In lieu of an abstract, here is a brief excerpt of the content:

  • Conceptual Art
  • Brett Beach (bio)

The man walking beside Helene said, “This—this!—is what I love about being here, outside of the city. There are no rules. It’s a sacred space.” He spoke with a bullfrog’s deep bellow. His hands twitched, caught the air. “It’s just about the work, not the prestige, not the names, the talk, talk, talk.”

Each afternoon since she’d come to the residency, Helene went for a long walk on the trails that looped and doubled back in the dense woods surrounding the artists’ cabins. This was in the early eighties, in upstate New York. Poets who visited the residency always wrote afterward of the dappled light, the mud’s fecundity, the loamy quality of decaying leaves. Deer loped through the front yards of the artists’ cottages or paused to nibble at the grass. There were legendary stories of copulation, binge-drinking, fistfights breaking out between readings—but mostly everyone appeared blurry-eyed to Helene, speaking in soft voices and smiling tentatively.

“And there’s this bond between us,” the man said. “Not just us, but all of us here. It’s trust. It’s the art.”

He’d introduced himself the first night, approaching Helene with his plastic goblet of wine and hands scoured lobster red from his steel-wool artwork. Macarthur, he said—first or last name, she couldn’t be sure. His work was conceptual, he supposed, but he hated those sorts of labels. He welded together pieces of metal, arranged broken shards of glass into figurines. Helene considered her art more mainstream: she took photographs of her own sculptures. Oh, Macarthur said, he’d actually seen one, the picture that ran in—well, she knew where—and he smiled as if embarrassed to even mention the magazine. Helene explained that it was a fluke: a friend of a friend had scouted the photograph. The money was decent but follow-up attempts had yielded no results. Now she’d come to [End Page 72] this residency to figure out if she was even interested anymore in taking pictures, in art, in this whole thing.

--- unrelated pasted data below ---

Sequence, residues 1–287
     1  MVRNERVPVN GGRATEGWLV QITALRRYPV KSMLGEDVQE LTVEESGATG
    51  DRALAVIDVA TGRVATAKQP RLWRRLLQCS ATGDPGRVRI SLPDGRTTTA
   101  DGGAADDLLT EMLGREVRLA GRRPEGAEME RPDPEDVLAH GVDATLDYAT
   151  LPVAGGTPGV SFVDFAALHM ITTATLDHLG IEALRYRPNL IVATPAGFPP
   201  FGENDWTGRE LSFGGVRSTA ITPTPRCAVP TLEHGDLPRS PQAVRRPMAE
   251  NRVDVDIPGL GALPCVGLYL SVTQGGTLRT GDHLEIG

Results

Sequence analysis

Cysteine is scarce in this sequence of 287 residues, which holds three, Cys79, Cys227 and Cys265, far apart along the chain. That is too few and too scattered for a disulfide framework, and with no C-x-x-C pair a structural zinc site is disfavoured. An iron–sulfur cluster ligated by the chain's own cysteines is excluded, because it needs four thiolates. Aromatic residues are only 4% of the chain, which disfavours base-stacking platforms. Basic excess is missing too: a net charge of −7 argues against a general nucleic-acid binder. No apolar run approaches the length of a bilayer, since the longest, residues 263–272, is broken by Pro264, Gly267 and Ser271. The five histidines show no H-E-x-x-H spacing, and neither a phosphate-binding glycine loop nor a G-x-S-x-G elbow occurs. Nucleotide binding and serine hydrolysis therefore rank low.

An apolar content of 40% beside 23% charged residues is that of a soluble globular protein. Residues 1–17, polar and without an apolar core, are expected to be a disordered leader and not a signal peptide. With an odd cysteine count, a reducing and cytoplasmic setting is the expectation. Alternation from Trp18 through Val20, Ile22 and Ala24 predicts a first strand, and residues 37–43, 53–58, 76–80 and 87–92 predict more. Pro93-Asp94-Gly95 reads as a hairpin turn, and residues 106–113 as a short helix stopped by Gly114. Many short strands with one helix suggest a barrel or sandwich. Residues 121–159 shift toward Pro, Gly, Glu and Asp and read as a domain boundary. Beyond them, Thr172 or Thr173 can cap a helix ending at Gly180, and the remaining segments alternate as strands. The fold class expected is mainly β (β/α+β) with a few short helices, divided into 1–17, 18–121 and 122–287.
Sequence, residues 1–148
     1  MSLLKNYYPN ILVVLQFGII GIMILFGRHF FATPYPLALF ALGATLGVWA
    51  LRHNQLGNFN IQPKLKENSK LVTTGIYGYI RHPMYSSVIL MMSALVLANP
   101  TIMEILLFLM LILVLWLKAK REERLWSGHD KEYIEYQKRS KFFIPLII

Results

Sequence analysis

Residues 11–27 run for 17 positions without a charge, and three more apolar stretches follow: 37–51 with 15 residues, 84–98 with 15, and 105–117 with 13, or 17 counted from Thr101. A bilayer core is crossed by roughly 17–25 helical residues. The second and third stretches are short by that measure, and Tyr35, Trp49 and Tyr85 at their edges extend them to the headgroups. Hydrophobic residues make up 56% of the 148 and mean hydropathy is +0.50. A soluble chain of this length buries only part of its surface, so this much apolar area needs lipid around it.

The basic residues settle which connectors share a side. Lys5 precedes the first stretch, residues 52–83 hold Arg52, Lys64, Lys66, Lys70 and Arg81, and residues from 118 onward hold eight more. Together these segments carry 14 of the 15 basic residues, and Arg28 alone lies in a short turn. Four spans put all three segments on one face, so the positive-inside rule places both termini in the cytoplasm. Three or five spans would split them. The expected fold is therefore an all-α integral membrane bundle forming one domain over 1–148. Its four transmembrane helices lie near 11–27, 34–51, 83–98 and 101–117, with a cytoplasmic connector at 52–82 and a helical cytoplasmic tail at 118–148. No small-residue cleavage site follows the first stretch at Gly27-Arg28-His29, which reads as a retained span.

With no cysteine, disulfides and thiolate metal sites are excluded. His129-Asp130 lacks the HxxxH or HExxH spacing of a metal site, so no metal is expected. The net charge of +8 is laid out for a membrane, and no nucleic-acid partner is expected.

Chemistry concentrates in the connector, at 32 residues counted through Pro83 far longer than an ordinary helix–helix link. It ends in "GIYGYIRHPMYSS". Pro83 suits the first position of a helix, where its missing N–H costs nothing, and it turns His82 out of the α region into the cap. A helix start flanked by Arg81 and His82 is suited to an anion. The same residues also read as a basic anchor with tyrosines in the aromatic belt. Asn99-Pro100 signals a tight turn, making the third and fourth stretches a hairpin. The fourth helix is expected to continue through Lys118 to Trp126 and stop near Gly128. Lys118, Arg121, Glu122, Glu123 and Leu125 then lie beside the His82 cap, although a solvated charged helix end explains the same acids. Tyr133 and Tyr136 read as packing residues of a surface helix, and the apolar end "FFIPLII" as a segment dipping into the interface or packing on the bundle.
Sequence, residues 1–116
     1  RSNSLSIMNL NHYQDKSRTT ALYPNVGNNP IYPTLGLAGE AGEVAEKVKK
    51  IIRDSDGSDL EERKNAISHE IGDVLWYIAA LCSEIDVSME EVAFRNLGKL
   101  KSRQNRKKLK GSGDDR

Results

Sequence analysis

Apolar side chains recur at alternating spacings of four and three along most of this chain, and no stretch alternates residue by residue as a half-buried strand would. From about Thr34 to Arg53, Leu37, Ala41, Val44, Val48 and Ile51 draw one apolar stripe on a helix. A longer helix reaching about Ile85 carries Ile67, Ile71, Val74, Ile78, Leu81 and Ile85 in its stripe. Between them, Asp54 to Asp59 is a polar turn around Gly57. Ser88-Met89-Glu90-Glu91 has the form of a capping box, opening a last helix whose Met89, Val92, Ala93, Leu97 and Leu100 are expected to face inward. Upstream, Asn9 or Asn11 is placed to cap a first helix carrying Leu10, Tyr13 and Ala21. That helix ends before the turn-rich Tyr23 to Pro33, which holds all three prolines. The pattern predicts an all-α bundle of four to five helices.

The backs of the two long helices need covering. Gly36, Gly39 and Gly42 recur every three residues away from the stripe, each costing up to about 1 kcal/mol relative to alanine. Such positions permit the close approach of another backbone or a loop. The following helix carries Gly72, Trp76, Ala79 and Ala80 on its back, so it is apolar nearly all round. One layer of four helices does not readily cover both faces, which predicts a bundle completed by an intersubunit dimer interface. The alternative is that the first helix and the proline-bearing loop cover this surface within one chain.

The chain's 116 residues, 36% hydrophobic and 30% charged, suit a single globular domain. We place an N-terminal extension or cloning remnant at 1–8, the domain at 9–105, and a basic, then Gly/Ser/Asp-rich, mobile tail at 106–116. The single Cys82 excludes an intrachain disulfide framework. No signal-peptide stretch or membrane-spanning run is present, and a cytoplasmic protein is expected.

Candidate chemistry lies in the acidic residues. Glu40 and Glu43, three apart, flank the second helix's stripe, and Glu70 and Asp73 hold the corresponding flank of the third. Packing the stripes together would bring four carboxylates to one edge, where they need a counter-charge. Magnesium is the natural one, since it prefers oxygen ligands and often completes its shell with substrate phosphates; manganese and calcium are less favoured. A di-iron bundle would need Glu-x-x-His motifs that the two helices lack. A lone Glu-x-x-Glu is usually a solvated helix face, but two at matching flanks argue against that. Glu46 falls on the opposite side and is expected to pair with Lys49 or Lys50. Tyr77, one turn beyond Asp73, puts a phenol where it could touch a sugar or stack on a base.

Macarthur brushed a hand through his hair—long and affected, draped oddly around his ears—before he continued, “Isn’t that amazing, how we’re already friends? We don’t really know each other, but here we are, walking in the middle of nowhere, and we’re alone. Totally solitary. I mean, if this were the city, you’d worry that I’d jump on you. But here? You just trust I won’t.”

When she told this story to her daughter, years and years later, Helene made clear that she was not attracted to Macarthur, and had not felt afraid, exactly, but as if she stood at the edge of danger, peering down into its cavernous gulf. She said, “Excuse me?”

“I’m not saying I would. I wouldn’t, of course.” He blushed, thankfully, seeming to understand that he’d misspoken. “I was trying—oh, jeez—I just meant that it’s different here. The way people interact. I didn’t mean . . . Ugh,” and he laughed by tipping his head back and opening his mouth to the sky, “it’s not like I’m going to rape you.”

Helene stepped away from the man, farther and farther, until she stood on the opposite side of the path. Sometimes at night, the critters raised a noise that she’d only heard in movies before: the pulsing surround-sound of crickets and grasshoppers, tree branches rattling in the wind, nature knocking at the door.

She asked, “Do you know how inappropriate that is?”

Macarthur shook his head again and again. He’d been entrenched in his work, he tried to explain, and his mind was loose after so many hours of intense concentration. He was talking without thinking—talking out loud. He was sorry, sorry, sorry. He didn’t mean what he said. It was the word. He should not have said that word. He folded his hands in front of his chest. His eyes were baleful and moist.

“Okay. Okay.” Already, Helene was acquiescing, forgiving him. She compromised with herself, pushing down her...